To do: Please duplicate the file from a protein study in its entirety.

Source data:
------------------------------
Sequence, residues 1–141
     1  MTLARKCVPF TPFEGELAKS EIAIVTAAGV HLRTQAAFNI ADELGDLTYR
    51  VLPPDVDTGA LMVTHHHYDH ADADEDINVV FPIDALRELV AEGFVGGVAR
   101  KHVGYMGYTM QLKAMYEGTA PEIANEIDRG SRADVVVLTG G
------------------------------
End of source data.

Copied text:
Sequence, residues 1–141
     1  MTLARKCVPF TPFEGELAKS EIAIVTAAGV HLRTQAAFNI ADELGDLTYR
    51  VLPPDVDTGA LMVTHHHYDH ADADEDINVV FPIDALRELV AEGFVGGVAR
   101  KHVGYMGYTM QLKAMYEGTA PEIANEIDRG SRADVVVLTG G